Royal Institute of British Architects

Royal Institute Of British Architects

Royal Institute of British Architects

to get instant updates about 'Royal Institute Of British Architects' on your MyPage. Meet other similar minded people. Its Free!


All Updates

The Royal Institute of British Architects (RIBA) is a professional body for architects in the United Kingdom.

Originally named the Institute of British Architects in London, it was formed in 1834 by several prominent architects, including Philip Hardwick, Thomas Allom, William Donthorne, Thomas Leverton Donaldson, John Buonarotti Papworth, and Thomas de Grey, 2nd Earl de Grey. It was awarded a Royal Charter in 1837, becoming the Royal Institute of British Architects in London, eventually dropping the reference to London in 1892.

The RIBA is a member organisation, with 44,000 members. Chartered Members are entitled to call themselves chartered architects and to append the post-nominals RIBA after their name; Student Members are not permitted to do so. Formerly, fellowships of the institute were granted, although no longer; those who continue to hold this title instead add FRIBA.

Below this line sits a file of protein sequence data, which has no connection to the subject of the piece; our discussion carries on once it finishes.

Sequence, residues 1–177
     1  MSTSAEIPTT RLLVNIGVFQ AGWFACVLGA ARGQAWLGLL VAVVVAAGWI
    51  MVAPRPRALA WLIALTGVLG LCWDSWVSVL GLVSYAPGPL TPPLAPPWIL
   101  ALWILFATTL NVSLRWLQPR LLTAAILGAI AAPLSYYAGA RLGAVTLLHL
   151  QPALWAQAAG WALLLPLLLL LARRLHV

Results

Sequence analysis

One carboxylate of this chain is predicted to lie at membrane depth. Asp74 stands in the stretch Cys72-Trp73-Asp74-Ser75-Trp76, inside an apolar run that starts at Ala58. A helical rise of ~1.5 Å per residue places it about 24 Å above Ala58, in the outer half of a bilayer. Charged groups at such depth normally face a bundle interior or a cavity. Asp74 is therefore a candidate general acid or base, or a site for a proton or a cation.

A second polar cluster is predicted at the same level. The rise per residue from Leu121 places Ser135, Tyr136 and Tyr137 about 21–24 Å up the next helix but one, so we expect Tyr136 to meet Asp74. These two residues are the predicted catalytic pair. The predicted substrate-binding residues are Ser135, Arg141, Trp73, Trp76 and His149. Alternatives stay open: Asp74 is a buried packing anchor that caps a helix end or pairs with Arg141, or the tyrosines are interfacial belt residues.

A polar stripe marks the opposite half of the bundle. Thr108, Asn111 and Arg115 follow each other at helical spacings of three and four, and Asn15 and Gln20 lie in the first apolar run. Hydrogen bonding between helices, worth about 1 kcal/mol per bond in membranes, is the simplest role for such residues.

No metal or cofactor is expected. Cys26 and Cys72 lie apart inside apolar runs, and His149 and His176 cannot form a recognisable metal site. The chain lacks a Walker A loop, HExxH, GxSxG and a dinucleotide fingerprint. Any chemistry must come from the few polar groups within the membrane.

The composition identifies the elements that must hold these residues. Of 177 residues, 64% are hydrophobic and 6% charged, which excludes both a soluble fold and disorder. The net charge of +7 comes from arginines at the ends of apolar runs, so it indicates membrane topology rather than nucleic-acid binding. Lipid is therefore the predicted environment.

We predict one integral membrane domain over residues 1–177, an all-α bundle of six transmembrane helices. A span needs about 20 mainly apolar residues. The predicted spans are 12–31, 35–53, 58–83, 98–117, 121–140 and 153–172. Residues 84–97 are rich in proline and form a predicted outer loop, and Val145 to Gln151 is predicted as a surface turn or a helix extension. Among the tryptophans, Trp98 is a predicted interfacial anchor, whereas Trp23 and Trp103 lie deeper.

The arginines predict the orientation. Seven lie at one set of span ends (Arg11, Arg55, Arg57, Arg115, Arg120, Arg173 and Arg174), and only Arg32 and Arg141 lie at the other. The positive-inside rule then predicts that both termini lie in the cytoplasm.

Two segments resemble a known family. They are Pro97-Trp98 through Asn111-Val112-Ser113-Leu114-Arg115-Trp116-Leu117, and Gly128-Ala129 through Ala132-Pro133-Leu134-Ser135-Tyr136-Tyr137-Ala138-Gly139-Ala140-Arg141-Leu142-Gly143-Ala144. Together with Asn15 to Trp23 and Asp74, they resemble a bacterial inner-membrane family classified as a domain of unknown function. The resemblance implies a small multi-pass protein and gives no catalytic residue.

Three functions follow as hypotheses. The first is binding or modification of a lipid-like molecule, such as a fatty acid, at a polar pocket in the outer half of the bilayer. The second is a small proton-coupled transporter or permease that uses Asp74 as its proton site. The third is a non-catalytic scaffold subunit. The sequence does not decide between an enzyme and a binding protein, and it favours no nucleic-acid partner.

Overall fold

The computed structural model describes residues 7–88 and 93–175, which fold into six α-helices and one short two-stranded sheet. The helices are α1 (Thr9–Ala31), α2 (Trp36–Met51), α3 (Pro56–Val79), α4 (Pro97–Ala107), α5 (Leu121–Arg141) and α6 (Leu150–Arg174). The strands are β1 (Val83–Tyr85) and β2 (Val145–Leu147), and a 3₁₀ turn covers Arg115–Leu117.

RIBA is based at 66 Portland Place, London—a 1930s Grade II* listed building designed by architect George Grey Wornum with sculptures by Edward Bainbridge Copnall and James Woodford. The Institute also maintains a dozen regional offices around the United Kingdom. Parts of the London building are open to the public, including the exhibition galleries and Library. It has a large architectural bookshop, a café, restaurant and lecture theatres. Rooms are hired out for events.


Established in 1834 upon the founding of the Institute, the RIBA Library, otherwise known as the......
Read More

No feeds found

Posting your question. Please wait!...

No updates available.
No messages found
Tell your friends >
about this page
 Create a new Page
for companies, colleges, celebrities or anything you like.Get updates on MyPage.
Create a new Page
 Find your friends
  Find friends on MyPage from